puerility


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Related to puerility: stupefaction, concordantly, instilled

puerility

noun babyishness, boyishness, childlike, girlishness, infantilism
See also: adolescence, minority

PUERILITY, civil law. This commenced at the age of seven years, the end of the age of infancy, and lasted till the age of puberty, (q.v.) that is, in females till the accomplishment of twelve years, and in males, till the age of fourteen years fully accomplished. Ayl. Pand. 63.
     2. The ancient Roman lawyers divided puerility into proximus infantiae, as it approached infancy, and into proximus pubertati, as it became nearer to puberty. 6 Toullier, n. 100.

References in periodicals archive ?
A pioneering cross-cultural "panoramic view" of masculinity, according to the author, Gilmore's Manhood in the Making (1990) locates the puzzle of manhood in Kohutian terms, masculinity emerging as evaded regression to primordial symbiosis: "a hard-fought renunciation of the longing for the prelapsarian idyll of childhood," a defence "against puerility, against what is sometimes called the Peter Pan complex" (pp.
5, 1795), in 1 DHSC, supra note 2, at 776, 776 (noting that "reports of [Rutledge's] attachment to his bottle, his puerility, and extravagances, together with a variety of indecorums and imprudencies multiply daily"); see also John Rutledge, Vindicated: "A South Carolinean" to Benjamin Russell, COLUMBIAN CENTINEL, Aug.
Charlotte's mother, Frances Mary, made aware by Keble of the notable absence of suitable hymns for poor children-he accused Isaac Watts and Jane Taylor's work of puerility rather than simplicity--compiled The Child's Christian Year, and Charlotte acquired an extended family and new cultural horizons.
The situations are as diverse as William James and Julia Kristeva, Fintan O'Toole and Robert Frost, yet some common concerns emerge: Muldoon's "cryptic" qualities, from the hermetic connotation of that modifier to the gothic; sources of influence, even when influence theory is itself challenged; and the somewhat disturbing fact that a poet who was barely post-adolescent when Faber published his first book in 1973 has grown up, as Stephen Burr in "Thirteen or Fourteen" reminds us, without altogether giving up a well-polished pose of puerility.
at the center of the game lies innocence redressed with puerility and reinforced by malice," in Mapy Cortes's musical performances, "the inconveniences of the voice are redeemed by slyness, which is the relationship between the stage and the sexual hunger that runs through the seats" (Monsivais 1987:13, 8).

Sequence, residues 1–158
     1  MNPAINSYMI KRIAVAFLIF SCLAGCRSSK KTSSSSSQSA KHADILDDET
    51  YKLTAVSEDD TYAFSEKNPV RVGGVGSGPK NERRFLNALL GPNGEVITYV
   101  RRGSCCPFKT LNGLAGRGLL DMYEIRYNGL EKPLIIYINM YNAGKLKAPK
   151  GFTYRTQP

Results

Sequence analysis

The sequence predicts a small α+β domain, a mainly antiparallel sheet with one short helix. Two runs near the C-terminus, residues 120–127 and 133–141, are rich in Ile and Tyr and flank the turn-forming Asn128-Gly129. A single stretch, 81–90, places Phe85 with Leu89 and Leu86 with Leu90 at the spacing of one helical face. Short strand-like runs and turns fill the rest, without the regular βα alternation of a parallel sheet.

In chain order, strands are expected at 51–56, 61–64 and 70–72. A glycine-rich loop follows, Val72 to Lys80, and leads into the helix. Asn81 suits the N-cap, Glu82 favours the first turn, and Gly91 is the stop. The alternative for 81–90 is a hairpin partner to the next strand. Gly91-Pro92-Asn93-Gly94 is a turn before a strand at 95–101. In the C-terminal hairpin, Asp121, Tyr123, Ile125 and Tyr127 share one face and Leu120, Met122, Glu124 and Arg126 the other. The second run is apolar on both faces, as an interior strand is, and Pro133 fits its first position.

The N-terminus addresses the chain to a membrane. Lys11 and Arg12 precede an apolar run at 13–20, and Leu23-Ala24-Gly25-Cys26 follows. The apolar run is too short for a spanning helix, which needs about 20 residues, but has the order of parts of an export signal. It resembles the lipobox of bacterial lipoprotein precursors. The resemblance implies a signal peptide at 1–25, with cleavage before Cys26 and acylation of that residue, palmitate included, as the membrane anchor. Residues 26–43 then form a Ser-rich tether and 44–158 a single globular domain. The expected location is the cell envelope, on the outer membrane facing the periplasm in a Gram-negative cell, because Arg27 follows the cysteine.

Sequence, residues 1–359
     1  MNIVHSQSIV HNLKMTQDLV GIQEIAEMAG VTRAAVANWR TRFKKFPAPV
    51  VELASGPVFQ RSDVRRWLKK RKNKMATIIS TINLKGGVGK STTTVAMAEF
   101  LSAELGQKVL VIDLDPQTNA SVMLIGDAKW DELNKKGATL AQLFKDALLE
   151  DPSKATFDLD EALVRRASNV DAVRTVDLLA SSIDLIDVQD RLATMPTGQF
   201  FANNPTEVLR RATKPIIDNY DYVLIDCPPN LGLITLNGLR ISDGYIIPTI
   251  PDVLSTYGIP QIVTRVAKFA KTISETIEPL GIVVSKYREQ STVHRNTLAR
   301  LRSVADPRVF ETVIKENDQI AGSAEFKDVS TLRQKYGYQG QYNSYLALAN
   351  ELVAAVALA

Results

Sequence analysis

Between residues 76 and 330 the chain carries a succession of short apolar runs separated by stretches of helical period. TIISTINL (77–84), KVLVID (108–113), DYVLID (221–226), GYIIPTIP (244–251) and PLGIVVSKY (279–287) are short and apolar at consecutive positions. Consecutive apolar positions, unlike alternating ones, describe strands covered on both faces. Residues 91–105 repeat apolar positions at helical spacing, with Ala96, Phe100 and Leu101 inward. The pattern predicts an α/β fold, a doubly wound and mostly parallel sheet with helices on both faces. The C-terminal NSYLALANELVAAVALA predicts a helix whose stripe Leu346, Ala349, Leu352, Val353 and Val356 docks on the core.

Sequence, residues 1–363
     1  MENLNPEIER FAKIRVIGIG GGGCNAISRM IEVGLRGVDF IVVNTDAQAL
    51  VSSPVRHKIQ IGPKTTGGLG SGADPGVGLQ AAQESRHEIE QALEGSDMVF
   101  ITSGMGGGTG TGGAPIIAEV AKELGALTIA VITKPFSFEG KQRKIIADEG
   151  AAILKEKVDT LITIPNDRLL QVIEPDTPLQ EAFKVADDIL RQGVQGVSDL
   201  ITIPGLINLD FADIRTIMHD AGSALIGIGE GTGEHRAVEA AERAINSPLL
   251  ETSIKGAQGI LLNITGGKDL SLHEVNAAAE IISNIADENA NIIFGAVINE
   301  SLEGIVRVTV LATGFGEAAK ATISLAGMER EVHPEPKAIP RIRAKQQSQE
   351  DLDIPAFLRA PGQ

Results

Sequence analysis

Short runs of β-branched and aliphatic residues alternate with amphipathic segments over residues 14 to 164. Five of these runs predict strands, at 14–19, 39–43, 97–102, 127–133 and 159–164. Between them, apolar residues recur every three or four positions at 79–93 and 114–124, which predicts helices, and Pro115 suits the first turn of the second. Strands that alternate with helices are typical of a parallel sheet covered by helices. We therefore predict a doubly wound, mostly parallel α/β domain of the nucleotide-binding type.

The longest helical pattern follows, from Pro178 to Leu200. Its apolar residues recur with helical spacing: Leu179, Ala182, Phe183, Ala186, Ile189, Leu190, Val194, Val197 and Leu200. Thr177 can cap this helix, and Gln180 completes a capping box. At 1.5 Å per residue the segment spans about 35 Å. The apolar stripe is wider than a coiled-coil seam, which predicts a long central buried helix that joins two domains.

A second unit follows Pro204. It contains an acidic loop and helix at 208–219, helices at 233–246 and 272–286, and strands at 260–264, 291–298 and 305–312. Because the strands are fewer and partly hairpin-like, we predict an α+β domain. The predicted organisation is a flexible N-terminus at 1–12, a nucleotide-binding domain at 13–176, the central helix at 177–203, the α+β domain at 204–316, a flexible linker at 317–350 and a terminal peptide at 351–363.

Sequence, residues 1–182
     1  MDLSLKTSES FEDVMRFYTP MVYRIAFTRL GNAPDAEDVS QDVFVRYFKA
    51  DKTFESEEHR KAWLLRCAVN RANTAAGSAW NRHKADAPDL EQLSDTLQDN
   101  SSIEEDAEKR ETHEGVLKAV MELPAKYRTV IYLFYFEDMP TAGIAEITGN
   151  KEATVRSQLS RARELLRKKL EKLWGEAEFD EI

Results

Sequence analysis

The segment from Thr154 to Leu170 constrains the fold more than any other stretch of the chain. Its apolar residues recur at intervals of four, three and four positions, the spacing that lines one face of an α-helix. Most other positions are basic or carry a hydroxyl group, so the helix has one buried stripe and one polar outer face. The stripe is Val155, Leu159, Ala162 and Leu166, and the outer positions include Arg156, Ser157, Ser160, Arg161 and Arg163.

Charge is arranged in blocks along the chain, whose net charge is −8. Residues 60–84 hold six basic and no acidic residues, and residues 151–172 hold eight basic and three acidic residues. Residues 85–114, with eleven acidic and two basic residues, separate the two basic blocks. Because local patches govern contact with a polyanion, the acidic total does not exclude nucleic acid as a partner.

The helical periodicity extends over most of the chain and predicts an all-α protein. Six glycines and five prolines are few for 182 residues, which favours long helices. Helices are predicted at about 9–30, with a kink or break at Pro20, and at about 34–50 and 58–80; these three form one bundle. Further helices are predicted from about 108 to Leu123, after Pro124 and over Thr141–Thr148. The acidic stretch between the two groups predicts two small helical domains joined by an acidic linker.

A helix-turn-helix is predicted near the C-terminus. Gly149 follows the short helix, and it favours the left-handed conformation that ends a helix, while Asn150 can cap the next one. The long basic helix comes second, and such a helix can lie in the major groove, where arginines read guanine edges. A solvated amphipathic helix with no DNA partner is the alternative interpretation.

As Denis DeRougemont explains, those Celtic myths and medieval religious influences merge in the fables of chivalric quests, "and in these wonderful adventures nothing whatever is without its meaning; everything is symbol or delicate allegory; and only the ignorant stop at the apparent puerility of the tale, this puerility being intended of course to conceal the underlying meaning from the superficial glances of the uninformed" (125).
This has been a week in which certain men have been publicly confusing puerility for masculinity.
Victor Hugo declared, "The Academie is a masterpiece of senile puerility," and became an Academicien.
On Bernard Goldberg's book she is on much firmer ground; it was personal to the point of puerility.
Over the years,her books have been accused of a such an array of misdemeanours,including snobbery, racism and puerility, that back in the 1980s some librarians and schools reportedly refused to stock any.
In a belated "obituary" for the "Age of Eliot," penned by Cynthia Ozick for The New Yorker in 1989 (a typical screed, distinguished only in the venomous puerility of its ad hominem attacks), Ozick declares that nowadays "the bookish young" can find nothing of interest, much less value, in Eliot.
Pearson takes issue with the puerility of a plot that features an alien "burst[ing] bloodily into the loo .